“Here’s the bottom line. Both sides of the argument need to be reminded that science and the scientific method rely solely on naturalistic causes and explanations. When it comes to the supernatural, science can have no comment and the scientific method does not apply. Period.
“It is futile to use scientific reasoning and evidence to argue for or against God. By definition, science and its methods are God-ignorant (could you say they are atheistic?).
This is, of course, patently incorrect. I have no problem making such an unequivocal statement.
Bob, Pastor Chuck, and nearly every believer will follow this up with assertions that:
- God created the universe as a single act of his will.
- God specially created the individual species and man separately from each other in the natural order.
- God guides every aspect of every life on earth, from the smallest insect to the greatest animal to the most prominent human being.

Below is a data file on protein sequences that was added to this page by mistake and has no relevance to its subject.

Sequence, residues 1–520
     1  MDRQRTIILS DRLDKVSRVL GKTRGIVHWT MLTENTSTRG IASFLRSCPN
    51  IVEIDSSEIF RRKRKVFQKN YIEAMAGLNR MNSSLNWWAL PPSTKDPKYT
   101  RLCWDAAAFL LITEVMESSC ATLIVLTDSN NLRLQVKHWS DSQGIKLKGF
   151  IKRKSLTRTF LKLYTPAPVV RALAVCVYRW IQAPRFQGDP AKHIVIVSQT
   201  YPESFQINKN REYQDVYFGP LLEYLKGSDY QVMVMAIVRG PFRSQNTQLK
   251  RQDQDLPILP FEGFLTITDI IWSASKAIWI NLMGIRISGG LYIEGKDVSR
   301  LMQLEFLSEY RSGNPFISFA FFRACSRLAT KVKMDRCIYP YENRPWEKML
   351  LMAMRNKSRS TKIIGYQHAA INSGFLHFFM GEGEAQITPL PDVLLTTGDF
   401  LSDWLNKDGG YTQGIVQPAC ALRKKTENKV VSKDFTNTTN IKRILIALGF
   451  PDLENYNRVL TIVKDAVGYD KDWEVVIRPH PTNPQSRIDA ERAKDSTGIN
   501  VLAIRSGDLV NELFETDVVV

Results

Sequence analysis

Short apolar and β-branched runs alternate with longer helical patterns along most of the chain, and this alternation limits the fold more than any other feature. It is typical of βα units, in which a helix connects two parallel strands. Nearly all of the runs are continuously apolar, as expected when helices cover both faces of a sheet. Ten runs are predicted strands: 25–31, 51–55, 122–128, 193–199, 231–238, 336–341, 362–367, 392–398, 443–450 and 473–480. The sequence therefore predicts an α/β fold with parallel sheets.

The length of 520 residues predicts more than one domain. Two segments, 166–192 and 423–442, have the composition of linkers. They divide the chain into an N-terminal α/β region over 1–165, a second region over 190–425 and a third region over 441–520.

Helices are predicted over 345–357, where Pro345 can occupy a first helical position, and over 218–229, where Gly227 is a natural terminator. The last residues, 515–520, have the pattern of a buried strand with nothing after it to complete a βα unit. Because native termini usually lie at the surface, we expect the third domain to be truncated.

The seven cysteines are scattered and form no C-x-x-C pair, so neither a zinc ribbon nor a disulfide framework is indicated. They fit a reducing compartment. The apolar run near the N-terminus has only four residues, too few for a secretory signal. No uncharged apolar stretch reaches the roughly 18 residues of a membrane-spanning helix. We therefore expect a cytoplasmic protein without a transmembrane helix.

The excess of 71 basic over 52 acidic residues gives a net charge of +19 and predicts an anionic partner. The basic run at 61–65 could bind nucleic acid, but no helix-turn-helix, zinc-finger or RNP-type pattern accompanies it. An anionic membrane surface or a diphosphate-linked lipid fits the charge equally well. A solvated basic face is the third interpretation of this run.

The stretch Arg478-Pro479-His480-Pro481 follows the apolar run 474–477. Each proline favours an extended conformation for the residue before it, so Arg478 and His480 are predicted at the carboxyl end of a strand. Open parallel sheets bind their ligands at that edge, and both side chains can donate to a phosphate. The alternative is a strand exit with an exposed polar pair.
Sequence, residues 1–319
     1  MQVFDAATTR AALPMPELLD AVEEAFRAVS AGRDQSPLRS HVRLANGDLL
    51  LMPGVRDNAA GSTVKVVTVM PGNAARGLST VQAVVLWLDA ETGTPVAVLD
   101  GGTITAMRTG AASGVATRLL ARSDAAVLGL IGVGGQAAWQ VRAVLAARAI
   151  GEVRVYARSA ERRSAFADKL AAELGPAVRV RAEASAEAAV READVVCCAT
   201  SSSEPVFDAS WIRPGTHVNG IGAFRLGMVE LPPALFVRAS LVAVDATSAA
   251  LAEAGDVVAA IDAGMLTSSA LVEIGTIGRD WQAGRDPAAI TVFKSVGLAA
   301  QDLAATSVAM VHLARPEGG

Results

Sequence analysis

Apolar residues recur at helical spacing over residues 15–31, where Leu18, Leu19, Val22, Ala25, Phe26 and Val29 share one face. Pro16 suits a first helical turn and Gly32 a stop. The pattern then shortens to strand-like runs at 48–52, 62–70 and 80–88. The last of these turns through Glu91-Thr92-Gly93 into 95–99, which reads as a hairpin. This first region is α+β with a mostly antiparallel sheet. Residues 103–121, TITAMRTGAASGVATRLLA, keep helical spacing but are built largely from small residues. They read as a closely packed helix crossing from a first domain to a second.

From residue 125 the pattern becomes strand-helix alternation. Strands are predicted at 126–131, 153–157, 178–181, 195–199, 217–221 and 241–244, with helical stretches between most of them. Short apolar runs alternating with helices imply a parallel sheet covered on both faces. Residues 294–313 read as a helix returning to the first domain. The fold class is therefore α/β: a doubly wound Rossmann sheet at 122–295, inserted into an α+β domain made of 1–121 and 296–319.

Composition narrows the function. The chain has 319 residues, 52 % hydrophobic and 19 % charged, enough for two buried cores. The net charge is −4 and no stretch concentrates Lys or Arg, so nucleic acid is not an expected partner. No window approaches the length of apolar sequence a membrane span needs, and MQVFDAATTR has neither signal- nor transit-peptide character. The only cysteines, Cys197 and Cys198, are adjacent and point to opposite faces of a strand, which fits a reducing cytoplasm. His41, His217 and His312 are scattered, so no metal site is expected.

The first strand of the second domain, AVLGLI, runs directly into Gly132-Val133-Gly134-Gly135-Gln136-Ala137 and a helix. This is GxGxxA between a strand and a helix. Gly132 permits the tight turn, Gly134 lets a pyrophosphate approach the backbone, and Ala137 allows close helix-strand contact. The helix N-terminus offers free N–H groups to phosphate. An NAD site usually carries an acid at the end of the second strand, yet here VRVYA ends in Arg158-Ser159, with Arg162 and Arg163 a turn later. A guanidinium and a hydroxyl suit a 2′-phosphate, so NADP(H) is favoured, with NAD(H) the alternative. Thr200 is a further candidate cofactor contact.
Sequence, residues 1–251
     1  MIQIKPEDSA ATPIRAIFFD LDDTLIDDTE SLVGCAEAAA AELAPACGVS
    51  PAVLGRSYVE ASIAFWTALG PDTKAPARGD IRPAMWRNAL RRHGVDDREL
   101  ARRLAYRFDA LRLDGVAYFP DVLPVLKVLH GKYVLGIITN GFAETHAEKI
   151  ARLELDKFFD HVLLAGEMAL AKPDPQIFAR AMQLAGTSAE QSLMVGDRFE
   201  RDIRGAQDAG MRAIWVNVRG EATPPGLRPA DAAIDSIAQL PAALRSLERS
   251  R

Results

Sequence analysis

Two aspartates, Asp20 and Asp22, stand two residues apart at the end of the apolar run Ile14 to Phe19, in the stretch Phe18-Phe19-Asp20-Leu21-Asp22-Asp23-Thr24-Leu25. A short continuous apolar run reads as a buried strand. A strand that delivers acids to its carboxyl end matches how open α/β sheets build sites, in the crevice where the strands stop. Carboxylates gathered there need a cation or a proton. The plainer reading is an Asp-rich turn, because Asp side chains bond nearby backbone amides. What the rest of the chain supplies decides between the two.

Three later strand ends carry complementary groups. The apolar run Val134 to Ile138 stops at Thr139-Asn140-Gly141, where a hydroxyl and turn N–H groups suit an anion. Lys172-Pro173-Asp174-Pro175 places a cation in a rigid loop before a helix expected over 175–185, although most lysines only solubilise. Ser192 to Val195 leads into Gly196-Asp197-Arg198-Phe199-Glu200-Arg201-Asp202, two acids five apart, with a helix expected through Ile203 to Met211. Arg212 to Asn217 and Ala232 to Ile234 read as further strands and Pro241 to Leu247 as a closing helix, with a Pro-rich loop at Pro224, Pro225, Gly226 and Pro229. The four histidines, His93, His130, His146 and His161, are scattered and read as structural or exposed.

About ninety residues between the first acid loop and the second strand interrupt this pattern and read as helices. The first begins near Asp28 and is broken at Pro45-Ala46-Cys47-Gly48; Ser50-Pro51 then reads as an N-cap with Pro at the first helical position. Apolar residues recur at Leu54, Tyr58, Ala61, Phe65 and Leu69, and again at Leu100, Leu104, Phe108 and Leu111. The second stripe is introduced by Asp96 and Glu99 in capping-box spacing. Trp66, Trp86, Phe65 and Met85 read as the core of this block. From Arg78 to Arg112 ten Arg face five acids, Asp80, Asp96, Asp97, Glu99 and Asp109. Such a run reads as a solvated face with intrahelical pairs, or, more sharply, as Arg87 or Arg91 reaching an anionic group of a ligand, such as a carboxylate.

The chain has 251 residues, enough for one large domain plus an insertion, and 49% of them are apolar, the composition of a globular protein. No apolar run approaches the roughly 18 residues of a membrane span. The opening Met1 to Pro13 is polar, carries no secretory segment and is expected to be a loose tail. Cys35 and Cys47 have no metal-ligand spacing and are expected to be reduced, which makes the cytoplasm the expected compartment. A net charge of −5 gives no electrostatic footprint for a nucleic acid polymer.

- Nothing happens without God’s specific willful permission.
- God intervenes in the lives of believers to affect his will.
- God intervenes in the workings of the world to affect his will to the benefit of his purpose and to the benefit of believers for whom he has chosen to answer prayers and alter his will (we won’t even get into the paradox that produces right now.)
The God of the believing Christian is a supremely active god, intervening in every single tiny aspect of the universe. In fact, the book by R.C. Sproul will assert, by the time we are done, that there is absolutely no such thing as random/purposeless chance, that every movement of every subatomic particle, is purposed aforehand by God’s will and his will alone. He is in total control of the entire universe.